The syndicate fee includes the cost of a nomination to a stallion, meaning owners of the broodmare will also become owners of any foal from this nomination.

Owners will receive weekly updates (and videos/photos), to follow the exciting journey of the broodmare that hopefully results in a healthy foal. The dream for all owners is to subsequently follow the foal's journey to hopefully seeing their first appearance on the racecourse. Having followed the foal throughout their life, this is a wonderful experience for owners.

Organised stud visits enable you to see your broodmare and her offspring at close quarters, adding further enjoyment to the entertaining prospect of becoming involved in bloodstock.

As well as the obvious attraction of buying into a bloodline and the associated benefits, there are two areas that can add a considerable amount of excitement and interest on a week-by-week basis.

Because the value of a broodmare can fluctuate in relation to the performances of her progeny on the racecourse, every race that one of her progeny takes part in, becomes a race of much interest to you. The higher the quantity of her progeny in training, the greater the prospect of all-year-round racecourse action for you to follow.

Even a win at the very lowest level of race will not harm the credentials of the broodmare. A win in a Group race would send her value soaring.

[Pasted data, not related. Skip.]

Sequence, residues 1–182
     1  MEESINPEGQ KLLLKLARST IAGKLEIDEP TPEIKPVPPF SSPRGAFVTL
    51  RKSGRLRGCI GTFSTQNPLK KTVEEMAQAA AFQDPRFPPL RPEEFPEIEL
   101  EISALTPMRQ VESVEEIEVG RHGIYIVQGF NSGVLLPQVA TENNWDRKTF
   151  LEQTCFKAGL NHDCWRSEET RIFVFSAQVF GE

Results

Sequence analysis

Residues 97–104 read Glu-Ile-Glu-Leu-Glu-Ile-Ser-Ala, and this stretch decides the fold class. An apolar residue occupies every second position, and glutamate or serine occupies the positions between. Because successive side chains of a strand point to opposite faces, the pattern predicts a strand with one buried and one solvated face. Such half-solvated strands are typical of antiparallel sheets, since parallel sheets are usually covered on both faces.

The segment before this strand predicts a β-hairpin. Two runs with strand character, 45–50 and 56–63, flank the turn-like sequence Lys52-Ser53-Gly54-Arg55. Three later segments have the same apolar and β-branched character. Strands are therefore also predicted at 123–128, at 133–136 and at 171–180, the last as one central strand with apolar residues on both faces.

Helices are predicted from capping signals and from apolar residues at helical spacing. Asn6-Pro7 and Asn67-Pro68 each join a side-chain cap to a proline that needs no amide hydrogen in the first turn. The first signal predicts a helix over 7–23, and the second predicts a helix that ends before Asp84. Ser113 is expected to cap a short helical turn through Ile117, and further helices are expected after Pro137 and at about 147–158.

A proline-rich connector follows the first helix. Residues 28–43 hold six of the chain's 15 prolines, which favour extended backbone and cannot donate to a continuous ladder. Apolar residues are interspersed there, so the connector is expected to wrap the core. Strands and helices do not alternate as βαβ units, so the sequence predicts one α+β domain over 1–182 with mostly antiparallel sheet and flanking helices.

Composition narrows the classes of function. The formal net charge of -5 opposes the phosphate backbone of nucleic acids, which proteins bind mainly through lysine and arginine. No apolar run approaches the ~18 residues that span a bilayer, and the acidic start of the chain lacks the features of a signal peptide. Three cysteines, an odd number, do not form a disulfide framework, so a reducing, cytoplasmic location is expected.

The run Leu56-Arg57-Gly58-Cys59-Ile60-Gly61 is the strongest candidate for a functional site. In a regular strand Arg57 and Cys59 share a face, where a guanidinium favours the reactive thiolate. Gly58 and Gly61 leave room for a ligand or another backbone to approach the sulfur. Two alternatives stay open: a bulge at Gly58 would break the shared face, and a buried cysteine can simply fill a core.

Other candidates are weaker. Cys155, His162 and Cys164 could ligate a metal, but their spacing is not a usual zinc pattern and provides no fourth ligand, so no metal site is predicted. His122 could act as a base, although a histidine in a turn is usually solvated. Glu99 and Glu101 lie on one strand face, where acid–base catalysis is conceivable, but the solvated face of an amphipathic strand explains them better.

Another way that a broodmare's value can increase is if a close relation of the broodmare wins or is placed in a Pattern race (a Graded or Group race over Jumps or on the Flat, respectively) or a Listed race (for horses who are better than Class 2 handicap standard but are not quite Pattern race standard). For example, if a half-brother of the broodmare finished second in a Group 3 race, the family receive a 'black type' boost.

Note: 'black type' refers to the pedigree specified in an auction catalogue, whereby a Pattern/Listed race win/place of any horse in the pedigree, is in a bolded (blacker) typeface.

Buying into a broodmare must be for entertainment as opposed to investment. Even if your broodmare doesn't have any success with her progeny on the racecourse or even if her family doesn't acquire black type, a well-planned nomination to a suitable sire (future breeding) still offers all the excitement of how the resultant offspring might perform on the racecourse. Many of the best-bred broodmares in the world have failed to produce a future winner and, on the other hand, progeny at the lower end of the breeding spectrum have shone and become top quality racehorses.

The unknown qualities of the bloodstock game make it a superb entertainment.

The chosen stud for your broodmare is a key factor. Owners Group management will only choose studs with a known history of quality, care and professionalism.